The trouble with being a sustainable business is finding the right materials. Sometimes there is a good reason for the material choice. For example, it is waterproof or long lasting or malleable. Making a manufacturing business more sustainable can become a game of ‘find the right material’ and this requires a lot of testing to ensure that the replacement material does the job as well as the existing one does.
The result is that sustainable businesses have to innovate to work out new ways of doing things and sourcing new materials that are more eco-friendly but as good, if not better than the original. Blue Patch’s member directory is full of these examples from pineapple fibre for shoes to grow your own mushrooms in recyclable cardboard boxes. Companies such as British Recycled Plastic source their waste plastic materials and manufacture the UK.
The Scotsman says we should ban Christmas crackers. An estimated 40 million crackers go into the waste bin at Christmas and most of these are single use plastics. Keep This Cracker has developed an eco-friendly cracker. It is reusable each year. Making a reusable cracker with no plastic was a challenge but they managed it. Made of FSC certified box board and is not round, but square!
Another well-known culprit in the plastic waste debate is single use bathroom products. Tooth Eco wanted to do their part in reducing the estimated 4.7 billion plastic toothbrushes that get discarded each year. And astonishingly, are all still in circulation. They have designed a toothbrush with 99.94% less plastic than a normal toothbrush. The rest of the materials are recyclable and biodegradable.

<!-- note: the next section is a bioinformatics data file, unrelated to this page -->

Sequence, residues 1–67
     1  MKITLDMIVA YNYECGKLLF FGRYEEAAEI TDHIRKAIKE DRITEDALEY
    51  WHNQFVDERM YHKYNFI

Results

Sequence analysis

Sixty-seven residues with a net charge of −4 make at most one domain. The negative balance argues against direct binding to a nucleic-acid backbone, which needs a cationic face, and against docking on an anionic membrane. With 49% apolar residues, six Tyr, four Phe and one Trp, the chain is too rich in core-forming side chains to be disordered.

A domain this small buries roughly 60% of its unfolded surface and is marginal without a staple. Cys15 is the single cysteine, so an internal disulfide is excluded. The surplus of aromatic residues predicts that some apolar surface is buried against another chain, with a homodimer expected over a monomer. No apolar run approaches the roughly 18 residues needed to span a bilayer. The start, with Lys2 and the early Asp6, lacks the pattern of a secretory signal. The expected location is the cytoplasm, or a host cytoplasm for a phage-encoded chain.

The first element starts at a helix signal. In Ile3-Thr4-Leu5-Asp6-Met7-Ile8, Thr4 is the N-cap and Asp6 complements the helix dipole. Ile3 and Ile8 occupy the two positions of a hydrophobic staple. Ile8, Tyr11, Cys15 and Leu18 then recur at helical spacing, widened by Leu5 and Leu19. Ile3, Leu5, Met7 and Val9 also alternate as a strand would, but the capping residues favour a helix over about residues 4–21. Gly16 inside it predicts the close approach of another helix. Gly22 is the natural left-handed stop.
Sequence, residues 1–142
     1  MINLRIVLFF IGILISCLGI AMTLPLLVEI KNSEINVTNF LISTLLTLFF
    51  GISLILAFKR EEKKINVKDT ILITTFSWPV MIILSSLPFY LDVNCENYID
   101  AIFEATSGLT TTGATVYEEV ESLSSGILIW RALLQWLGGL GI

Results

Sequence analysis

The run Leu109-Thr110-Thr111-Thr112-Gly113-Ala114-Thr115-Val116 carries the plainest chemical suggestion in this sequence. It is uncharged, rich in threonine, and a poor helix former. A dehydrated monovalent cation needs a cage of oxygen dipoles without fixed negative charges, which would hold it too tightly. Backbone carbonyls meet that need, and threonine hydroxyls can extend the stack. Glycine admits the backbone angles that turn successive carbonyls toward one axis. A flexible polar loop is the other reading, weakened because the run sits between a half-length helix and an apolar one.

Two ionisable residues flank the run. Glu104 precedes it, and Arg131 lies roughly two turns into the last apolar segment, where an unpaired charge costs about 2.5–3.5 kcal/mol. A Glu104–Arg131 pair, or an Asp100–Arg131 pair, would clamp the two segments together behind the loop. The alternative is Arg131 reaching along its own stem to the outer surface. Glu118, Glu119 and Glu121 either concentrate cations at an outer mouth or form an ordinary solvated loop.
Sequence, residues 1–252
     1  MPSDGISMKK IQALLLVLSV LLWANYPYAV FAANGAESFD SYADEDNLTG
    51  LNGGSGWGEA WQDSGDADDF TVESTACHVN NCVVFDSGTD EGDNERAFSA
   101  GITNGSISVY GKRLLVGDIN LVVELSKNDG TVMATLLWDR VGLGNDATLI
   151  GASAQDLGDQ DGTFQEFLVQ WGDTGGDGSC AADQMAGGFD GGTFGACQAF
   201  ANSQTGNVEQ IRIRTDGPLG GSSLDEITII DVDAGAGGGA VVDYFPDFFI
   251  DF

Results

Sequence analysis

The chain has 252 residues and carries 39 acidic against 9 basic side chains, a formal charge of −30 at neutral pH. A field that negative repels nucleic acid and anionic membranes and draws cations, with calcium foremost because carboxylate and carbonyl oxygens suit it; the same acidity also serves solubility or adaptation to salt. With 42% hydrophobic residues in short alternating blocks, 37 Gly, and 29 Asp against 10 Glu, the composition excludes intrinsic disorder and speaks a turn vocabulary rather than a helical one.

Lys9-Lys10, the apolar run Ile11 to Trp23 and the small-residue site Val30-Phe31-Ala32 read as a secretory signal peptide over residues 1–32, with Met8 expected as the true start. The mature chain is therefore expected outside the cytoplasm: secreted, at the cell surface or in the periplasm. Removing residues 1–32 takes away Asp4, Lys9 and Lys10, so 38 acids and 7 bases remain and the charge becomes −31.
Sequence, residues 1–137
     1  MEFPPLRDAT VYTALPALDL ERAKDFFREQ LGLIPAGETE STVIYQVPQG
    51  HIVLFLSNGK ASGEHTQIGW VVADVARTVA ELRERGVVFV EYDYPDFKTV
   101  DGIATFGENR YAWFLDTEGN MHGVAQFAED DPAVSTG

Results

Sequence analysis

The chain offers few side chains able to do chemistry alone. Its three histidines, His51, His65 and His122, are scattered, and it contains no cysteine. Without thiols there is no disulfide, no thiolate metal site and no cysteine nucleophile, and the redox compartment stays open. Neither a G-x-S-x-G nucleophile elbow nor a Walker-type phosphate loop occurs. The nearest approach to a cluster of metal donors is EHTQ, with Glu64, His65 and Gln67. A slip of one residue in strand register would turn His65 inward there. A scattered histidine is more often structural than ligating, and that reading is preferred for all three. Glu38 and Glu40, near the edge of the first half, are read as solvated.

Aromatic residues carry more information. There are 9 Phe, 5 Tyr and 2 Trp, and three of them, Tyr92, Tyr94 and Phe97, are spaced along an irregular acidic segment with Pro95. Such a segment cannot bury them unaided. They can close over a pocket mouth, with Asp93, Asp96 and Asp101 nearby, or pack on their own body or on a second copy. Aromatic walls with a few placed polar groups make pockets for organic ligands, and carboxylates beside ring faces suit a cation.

Are you ever annoyed by the plastic trays that they pack mushrooms (and other veg) in, in the supermarket? GroCycle sells grow your own mushrooms in a recyclable cardboard box. Adam & Eric spent a decade developing an easy low tech way to grow mushrooms, so you don’t have to.
According to Recycled Plastic Rating:
- 80% Of consumers are concerned about the impact plastic packaging has on the environment,
- 60% Of people are confused about which type of plastic packaging is most harmful to the environment, and
- 79% Of consumers would like to choose packaging that does not harm the environment.
The supermarket is a source of any number of products that bring plastic and harmful chemicals into the home. Delphis Eco wanted to tackle the problem of packaging for dishwashing and laundry detergents. They have developed a range of products that are plant based, phosphate free and packaged in 100% recycled plastic.
Andrew had a typical problem for a Londoner. There was no room in his flat for his bike storage. His unique design for Cycloc means you can hang your bike on a wall, saving on floor space. Cycloc has been applauded by cyclists and the active travel movement, who want to encourage more people to drive less.
The genius in Tread Softly is the fact that their design-led furniture doesn’t feel like it has been repurposed – and yet it has. Hannah juxtaposes carefully sourced vintage furniture with a modern design sensibility, using bold colours and geometric patterns to produce elegant, contemporary one off pieces. The best bit is you can feel guilt free about buying from their sustainable collection.
All these products can be seen in the Happy Planet store at the Manchester Art Gallery until April 18. Select pieces can also be purchased online in the gallery shop.